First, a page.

Anti-spam law does not apply to Western’s core activities
By Communications Staff
June 26, 2014
Western’s core activities do not fall under the new Canadian Anti-Spam Legislation (CASL), according to Stephen Jarrett, Western’s legal counsel. CASL takes effect July 1.
CASL targets any domestic or foreign person or organization sending commercial electronic messages in Canada. Messages are deemed in violation of the law without the prior consent of the recipient or unless they meet certain requirements. Consent must be obtained before the legislation take effect next week. Violators of the law may be required to pay a maximum penalty of $1 million per violation for an individual, and $10 million per violation for a business.
An outside legal opinion sought by the Association of Universities and Colleges of Canada (AUCC) bolsters the contention that universities do not fall under the purview of the new law.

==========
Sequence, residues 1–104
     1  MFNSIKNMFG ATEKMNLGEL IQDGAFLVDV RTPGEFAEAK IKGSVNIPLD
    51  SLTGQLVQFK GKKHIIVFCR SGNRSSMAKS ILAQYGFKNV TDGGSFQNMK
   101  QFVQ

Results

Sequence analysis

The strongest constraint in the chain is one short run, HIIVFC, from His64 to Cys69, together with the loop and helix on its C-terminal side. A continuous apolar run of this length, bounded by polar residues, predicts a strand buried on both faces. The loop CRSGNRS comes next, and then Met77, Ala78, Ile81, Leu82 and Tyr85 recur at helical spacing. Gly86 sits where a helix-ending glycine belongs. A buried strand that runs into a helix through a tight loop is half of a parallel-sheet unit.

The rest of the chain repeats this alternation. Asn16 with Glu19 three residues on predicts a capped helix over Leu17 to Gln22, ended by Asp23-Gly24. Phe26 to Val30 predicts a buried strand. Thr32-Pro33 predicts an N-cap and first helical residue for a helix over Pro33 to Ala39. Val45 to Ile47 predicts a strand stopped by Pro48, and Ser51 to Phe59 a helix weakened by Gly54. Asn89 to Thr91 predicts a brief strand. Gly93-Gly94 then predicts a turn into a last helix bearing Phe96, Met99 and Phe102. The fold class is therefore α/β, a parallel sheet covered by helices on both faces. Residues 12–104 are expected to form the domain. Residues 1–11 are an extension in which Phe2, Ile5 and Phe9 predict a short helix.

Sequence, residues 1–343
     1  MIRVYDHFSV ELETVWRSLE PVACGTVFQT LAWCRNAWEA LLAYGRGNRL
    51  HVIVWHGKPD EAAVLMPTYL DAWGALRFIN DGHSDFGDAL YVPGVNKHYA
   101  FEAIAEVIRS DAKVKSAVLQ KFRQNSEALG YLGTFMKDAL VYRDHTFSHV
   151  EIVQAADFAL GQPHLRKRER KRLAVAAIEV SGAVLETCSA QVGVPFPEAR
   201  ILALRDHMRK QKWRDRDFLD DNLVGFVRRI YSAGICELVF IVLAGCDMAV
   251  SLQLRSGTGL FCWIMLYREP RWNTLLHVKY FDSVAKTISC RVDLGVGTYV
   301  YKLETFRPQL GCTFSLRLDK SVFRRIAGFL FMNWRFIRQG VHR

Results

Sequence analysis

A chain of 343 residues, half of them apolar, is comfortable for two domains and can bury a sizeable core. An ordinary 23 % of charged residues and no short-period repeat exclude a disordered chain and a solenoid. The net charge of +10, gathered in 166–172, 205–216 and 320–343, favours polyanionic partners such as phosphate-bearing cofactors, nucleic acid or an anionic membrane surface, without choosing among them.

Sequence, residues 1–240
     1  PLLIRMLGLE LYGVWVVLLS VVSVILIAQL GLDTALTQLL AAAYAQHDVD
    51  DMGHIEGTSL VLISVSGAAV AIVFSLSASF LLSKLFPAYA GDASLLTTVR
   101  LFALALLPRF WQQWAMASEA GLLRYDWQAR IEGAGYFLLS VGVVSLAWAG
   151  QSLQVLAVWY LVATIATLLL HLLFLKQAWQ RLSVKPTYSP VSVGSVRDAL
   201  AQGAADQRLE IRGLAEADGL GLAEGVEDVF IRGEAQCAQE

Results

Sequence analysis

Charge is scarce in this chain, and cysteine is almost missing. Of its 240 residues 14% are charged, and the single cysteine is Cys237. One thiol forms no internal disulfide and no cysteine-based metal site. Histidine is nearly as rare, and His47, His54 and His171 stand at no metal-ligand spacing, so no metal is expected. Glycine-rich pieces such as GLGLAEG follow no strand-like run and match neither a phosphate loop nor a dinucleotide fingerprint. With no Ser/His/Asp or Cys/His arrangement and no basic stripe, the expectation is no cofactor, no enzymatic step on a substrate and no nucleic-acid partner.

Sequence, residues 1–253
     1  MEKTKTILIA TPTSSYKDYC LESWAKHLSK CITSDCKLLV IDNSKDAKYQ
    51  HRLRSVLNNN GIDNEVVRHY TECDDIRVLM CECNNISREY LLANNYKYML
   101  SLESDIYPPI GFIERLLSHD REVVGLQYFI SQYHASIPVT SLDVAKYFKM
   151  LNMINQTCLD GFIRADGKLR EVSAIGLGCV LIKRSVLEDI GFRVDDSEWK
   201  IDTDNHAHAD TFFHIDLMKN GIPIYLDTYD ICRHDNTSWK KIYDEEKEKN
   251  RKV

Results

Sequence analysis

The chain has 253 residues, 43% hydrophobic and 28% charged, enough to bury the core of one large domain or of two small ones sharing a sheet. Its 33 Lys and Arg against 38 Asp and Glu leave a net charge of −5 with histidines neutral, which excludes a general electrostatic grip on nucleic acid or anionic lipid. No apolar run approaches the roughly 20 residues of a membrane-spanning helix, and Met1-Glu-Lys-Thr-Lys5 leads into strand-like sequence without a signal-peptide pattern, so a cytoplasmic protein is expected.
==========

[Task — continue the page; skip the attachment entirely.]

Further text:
“For the most part, members of the campus community can assume their electronic communications are related to Western’s core activities and they should continue to communicate with their audiences in the same manner that they have been doing prior to July 1,” Jarrett said. “Where there is a possibility activities in any particular area may go beyond what might be considered core activities, my office will be contacting the relevant units to discuss the appropriate steps to be taken with respect to electronic communications.”
While Western is largely not impacted by CASL, Jarrett said the new legislation provides an opportunity to ensure recipients of the university’s electronic communications can identify the faculty/unit/department sending the communications and unsubscribe, if desired, from future unsolicited communications.
8:30 a.m. to 5 p.m.
Off-Campus Advertising Sales:
Chris Amyot, Campus Ad